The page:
Open Thread: KLaw on the Granderson tradeBy
There are still some minor details left to hammer out, but the Yanks, D-Backs, and Tigers have all agreed on the framework of a three-team trade that will send Curtis Granderson to the Bronx, Edwin Jackson to the desert, and various prospects to MoTown. From the Yanks perspective, it’s basically a swap of Austin Jackson, Ian Kennedy, and Phil Coke for Granderson, the rest is just details.
As always, Keith Law checks in with his take at the four-letter. It’s subscriber only, but I’ll quote the Yankee-relevant parts:
The Yankees also come out ahead simply because they haven’t given up much of value, and in exchange they get an above-average everyday centerfielder. Curtis Granderson is a good defensive centerfielder who hits right-handers well, is a plus runner and gets unanimous raves for his personality. In two of the last three years, however, he hasn’t cracked a .500 OPS against left-handed pitchers and his pitch recognition problems against southpaws look like they’ll be very hard to correct, meaning that the Yankees need to consider a right-handed-hitting centerfielder to caddy for him against at least good left-handed starters. That (hypothetical) two-headed monster would be among the better centerfield solutions in the American League. It’s good they got that player for Jackson, who right now projects as more of an average everyday centerfielder; Coke, a middle reliever who had lost Joe Girardi‘s trust anyway; and Ian Kennedy, who at the very least wasn’t going to crack the Yankees’ rotation again.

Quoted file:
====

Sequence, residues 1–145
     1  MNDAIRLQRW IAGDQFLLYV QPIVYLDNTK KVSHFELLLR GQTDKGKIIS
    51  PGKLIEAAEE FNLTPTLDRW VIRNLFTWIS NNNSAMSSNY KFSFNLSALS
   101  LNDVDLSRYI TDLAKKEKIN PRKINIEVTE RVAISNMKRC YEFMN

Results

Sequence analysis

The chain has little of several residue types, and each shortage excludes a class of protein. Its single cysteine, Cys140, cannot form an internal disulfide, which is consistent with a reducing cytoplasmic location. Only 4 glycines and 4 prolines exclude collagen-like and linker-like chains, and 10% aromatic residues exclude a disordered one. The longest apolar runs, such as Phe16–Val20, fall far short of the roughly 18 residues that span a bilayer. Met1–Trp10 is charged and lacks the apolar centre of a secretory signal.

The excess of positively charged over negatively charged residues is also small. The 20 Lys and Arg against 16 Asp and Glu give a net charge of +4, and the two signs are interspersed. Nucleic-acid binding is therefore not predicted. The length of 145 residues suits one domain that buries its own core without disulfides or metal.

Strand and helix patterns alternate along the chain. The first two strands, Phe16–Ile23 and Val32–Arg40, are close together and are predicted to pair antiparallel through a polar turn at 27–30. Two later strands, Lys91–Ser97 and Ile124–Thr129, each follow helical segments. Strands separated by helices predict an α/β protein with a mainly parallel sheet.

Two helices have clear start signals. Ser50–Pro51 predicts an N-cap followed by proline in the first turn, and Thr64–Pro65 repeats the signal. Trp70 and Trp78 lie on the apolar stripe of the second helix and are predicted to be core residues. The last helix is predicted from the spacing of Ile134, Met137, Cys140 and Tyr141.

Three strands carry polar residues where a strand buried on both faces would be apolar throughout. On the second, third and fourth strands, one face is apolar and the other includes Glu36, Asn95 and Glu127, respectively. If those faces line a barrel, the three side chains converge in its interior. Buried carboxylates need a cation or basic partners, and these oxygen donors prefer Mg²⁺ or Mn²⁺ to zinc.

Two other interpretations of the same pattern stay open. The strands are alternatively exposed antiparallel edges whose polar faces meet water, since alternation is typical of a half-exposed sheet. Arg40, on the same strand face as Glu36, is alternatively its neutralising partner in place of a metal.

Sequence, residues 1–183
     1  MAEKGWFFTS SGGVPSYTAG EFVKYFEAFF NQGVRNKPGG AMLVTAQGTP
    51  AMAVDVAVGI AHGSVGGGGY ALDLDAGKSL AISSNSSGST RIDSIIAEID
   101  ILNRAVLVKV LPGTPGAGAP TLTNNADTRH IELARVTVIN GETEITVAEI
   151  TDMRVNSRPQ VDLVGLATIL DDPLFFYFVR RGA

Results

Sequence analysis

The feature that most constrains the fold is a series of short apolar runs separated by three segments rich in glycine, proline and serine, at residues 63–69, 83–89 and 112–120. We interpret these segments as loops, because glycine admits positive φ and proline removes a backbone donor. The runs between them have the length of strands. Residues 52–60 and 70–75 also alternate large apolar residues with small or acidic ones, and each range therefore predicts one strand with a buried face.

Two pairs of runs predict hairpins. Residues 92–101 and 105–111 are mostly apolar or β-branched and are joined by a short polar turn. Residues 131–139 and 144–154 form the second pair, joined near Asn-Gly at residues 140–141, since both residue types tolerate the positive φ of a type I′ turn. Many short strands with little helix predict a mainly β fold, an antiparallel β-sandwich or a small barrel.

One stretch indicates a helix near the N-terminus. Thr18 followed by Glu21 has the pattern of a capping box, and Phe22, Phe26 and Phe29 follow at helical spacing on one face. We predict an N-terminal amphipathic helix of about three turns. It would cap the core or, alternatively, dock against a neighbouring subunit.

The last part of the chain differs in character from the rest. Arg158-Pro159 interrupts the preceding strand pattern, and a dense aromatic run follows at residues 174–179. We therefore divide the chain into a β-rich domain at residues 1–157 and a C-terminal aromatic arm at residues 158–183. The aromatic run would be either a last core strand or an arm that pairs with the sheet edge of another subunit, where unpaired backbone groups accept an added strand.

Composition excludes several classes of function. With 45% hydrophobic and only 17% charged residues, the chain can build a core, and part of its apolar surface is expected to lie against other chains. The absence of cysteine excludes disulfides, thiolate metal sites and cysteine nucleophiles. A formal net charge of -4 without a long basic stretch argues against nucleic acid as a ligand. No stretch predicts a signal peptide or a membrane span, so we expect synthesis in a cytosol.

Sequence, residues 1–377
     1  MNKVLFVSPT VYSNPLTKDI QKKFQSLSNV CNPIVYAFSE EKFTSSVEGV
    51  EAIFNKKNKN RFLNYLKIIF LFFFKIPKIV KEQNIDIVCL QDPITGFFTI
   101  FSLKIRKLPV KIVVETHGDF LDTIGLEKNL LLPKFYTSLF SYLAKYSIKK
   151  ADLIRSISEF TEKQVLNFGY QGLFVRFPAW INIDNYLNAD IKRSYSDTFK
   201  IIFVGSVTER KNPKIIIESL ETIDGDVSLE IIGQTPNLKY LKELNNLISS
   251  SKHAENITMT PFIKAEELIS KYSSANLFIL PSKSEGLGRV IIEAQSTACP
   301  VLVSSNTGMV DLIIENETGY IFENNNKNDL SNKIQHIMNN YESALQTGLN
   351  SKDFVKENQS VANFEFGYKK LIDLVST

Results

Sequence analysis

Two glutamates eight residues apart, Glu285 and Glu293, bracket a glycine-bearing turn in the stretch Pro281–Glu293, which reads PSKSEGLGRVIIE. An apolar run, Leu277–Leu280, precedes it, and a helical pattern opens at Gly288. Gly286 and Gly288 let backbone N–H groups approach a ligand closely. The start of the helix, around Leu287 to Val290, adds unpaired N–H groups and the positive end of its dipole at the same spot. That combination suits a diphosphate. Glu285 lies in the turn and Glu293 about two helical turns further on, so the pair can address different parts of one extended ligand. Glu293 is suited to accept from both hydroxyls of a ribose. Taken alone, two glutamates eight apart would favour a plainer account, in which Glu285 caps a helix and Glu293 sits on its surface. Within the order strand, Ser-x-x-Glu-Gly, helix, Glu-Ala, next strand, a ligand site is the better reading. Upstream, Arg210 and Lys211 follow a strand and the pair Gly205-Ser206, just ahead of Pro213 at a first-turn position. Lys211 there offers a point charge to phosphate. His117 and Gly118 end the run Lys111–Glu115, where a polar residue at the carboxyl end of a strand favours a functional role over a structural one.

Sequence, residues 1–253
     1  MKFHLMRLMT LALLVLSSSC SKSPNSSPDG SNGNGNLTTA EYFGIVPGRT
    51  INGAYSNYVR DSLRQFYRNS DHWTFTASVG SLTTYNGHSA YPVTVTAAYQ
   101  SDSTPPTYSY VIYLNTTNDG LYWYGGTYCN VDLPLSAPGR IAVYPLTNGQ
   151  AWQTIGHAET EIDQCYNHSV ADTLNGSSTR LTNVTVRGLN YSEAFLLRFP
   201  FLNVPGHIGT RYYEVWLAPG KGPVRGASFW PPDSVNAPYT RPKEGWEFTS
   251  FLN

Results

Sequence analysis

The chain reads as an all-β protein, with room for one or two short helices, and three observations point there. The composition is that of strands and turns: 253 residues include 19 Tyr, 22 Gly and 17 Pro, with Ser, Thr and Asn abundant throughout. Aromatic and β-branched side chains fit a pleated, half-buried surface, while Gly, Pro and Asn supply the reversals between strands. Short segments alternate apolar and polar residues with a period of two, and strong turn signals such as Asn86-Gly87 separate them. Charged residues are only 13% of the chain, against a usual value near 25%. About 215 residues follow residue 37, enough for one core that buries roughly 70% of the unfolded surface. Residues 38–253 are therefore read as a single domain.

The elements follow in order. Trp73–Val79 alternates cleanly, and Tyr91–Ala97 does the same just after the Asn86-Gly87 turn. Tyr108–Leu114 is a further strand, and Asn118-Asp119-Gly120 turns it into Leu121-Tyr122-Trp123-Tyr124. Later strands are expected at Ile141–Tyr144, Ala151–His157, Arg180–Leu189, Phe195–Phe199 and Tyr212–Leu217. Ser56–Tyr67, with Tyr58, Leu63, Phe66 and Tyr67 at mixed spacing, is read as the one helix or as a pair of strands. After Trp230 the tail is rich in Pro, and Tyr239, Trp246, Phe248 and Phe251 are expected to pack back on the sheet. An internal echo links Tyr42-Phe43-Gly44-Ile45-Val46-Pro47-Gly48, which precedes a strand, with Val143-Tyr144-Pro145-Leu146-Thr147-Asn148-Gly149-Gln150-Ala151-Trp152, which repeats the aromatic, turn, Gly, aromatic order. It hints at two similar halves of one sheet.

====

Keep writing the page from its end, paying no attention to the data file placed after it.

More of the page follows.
Should be noted: Granderson is due $25.75 million over the next three years, including the 2013 buyout.
As a prospect guy, it’s tough to see Jackson and Kennedy go, but it’s a move the Yanks really couldn’t pass up. Jackson isn’t a finished product, and the Yanks essentially swapped him for a guy that represents his best case scenario in terms of value. It would have been real nice to have Kennedy around for depth next year, but that’s the cost of doing business. Coke? Easily replaceable.
By no means is Granderson perfect. He certainly has his flaws, especially against lefties, but he’s a monumental upgrade over the Yanks’ incumbent centerfield tandem. This shouldn’t preclude the Yanks from seeking out a leftfielder, because much of Granderson’s value stems from his production at a premium position. Here’s what Joe wrote about the move at YES Network.
Anyway, here’s your open thread for the night. The Isles are in action, and The Quest For 1-81 continues in Chicago. Anything goes, so have at it.